A systemic exploration of risks in mobile application development projects and environments

Master Thesis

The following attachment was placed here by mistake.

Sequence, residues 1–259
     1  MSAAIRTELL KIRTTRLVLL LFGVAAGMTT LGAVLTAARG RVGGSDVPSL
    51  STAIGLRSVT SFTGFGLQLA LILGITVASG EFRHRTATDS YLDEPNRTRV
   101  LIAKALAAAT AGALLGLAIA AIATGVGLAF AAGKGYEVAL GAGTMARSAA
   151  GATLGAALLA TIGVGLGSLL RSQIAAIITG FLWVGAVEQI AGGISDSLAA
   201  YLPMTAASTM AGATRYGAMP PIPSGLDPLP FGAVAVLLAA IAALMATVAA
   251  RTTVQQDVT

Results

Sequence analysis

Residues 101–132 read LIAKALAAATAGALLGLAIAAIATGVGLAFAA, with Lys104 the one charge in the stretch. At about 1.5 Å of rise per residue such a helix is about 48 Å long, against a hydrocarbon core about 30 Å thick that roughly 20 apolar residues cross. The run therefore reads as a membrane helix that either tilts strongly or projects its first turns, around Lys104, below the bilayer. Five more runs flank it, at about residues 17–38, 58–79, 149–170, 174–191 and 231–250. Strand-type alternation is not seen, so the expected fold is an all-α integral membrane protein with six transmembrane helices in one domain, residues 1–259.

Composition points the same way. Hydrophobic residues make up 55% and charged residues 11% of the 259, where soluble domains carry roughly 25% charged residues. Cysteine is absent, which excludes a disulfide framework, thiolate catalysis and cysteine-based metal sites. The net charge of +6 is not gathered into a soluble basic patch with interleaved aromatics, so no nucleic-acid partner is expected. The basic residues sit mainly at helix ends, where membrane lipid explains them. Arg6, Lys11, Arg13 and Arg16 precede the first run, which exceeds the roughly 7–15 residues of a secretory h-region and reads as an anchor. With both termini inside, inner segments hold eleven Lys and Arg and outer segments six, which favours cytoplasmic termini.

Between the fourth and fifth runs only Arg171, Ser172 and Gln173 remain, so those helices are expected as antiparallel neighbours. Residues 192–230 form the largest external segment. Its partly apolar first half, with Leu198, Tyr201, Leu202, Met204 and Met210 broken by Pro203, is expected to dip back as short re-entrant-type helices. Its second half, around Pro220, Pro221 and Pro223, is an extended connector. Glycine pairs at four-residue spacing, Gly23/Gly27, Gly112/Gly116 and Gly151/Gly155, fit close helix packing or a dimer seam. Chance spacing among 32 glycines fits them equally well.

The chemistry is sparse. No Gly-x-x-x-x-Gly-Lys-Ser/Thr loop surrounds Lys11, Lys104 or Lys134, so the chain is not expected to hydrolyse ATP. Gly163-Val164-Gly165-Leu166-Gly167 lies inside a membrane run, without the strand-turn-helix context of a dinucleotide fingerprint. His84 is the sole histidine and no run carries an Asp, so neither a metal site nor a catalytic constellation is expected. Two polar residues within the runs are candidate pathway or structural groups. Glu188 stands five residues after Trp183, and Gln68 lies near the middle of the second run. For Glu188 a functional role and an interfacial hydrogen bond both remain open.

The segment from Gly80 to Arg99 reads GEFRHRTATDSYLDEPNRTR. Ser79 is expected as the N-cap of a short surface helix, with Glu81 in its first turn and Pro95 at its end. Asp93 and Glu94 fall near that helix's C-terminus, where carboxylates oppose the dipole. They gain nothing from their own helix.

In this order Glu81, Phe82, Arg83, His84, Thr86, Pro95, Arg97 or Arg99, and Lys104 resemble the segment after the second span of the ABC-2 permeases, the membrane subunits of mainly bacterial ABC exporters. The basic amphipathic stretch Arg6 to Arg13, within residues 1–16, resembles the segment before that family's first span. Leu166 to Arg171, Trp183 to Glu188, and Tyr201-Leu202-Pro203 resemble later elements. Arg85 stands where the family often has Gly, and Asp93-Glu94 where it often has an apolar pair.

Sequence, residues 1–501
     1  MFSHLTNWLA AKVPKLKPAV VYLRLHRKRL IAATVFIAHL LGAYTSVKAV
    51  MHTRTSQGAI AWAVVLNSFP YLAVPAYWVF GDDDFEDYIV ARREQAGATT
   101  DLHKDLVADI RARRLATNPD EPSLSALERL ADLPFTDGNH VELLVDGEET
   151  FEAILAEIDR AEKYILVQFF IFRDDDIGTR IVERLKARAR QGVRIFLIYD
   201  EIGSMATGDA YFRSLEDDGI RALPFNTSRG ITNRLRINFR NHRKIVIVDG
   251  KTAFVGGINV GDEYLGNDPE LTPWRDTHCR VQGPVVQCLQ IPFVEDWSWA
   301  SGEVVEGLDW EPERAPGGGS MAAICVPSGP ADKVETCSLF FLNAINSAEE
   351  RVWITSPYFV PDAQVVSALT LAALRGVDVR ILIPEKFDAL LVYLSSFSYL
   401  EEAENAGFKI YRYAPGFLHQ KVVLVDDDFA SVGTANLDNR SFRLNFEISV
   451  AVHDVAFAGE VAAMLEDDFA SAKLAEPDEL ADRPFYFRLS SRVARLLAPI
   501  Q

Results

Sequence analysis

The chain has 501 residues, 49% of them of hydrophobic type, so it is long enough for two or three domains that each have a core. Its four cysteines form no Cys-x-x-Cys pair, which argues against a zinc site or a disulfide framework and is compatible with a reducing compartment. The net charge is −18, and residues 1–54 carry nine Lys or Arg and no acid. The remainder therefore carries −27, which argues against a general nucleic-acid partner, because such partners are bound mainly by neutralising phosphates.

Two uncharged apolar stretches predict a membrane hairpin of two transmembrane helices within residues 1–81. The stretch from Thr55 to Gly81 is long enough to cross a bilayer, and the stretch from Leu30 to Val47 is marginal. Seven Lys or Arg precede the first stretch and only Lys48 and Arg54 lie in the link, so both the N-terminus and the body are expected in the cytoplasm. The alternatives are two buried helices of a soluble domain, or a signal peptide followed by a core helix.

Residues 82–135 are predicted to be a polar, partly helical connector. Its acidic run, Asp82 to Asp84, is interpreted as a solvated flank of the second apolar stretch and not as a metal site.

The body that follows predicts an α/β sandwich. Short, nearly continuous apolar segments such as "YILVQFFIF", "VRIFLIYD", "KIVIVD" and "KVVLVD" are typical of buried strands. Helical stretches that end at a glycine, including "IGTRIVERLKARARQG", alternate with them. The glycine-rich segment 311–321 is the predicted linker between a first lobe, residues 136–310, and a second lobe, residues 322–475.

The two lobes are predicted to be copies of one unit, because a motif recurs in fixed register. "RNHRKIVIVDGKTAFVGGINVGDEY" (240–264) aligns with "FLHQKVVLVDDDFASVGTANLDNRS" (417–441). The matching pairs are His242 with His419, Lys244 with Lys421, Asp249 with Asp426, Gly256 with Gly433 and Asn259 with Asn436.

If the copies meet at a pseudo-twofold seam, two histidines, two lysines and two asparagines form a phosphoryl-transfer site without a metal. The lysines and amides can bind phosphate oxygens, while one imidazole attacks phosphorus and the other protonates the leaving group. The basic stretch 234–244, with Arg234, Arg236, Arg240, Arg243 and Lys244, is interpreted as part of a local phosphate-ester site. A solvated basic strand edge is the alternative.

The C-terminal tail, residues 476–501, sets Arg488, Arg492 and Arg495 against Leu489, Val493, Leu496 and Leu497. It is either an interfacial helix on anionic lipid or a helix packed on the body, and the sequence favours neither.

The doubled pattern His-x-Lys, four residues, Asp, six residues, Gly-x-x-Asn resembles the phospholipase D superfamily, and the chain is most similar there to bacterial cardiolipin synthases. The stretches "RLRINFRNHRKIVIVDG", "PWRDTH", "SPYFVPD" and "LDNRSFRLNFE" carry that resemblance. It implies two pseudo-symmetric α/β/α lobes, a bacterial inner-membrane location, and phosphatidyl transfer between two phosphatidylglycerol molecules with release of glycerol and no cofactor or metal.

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Purpose - The aim of this research is to develop an understanding of the most common risks encountered during mobile application development projects and identify the interrelationships that exist between these risks to highlight the core risk drivers that negatively impact these projects and outcomes. Research design and methodology - This study adopted a holistic approach using Warfield's Interactive Management (IM) methodology to understand the risks that hinder MAD projects and understand the interrelationships between these risks to identify the core driving risks. IM can be divided into four phases. In the first phase, Idea generation, participants were asked through a survey to define their role and list the risks they perceive as most important within their environment. The second phase, Idea clarification, was actioned through online video calls where participants discussed the risks to get a shared understanding of each risk. The third phase, Idea structuring, was also executed through online video calls where participants agreed on the relationships that exist between each risk through pair-to-pair comparison using Interpretive Structural Modelling (ISM) software. The final phase, Interpretation, required participants to review the interpretive structural model and agree on the core risks that mainly negatively impact MAD projects. Research finding - The research revealed three core risks that significantly lead to other risks that will negatively impact MAD projects and environments within the context of this study. These risks include ‘Lack of platform knowledge', ‘Poor team skills and capabilities', and ‘Poor quality and observability of data/analytics to understand user behaviour'. Value of the research – This research contributes to the following: 1) Risks that are identified and prioritised as dominant risks can be compared to the lists from existing studies that aimed to highlight unique risks in MAD projects, 2) By understanding the inter-relationships between risks, a few root causes/risk drivers can be highlighted which should receive more attention throughout the project, 3) By adopting a systemic approach, it helps to reveal context-specific issues which may not be available in existing literature, and 4) The collaborative learning nature of the IM approach adds to research on the sustainability of complex MAD projects implemented in pluralist and coercive environments.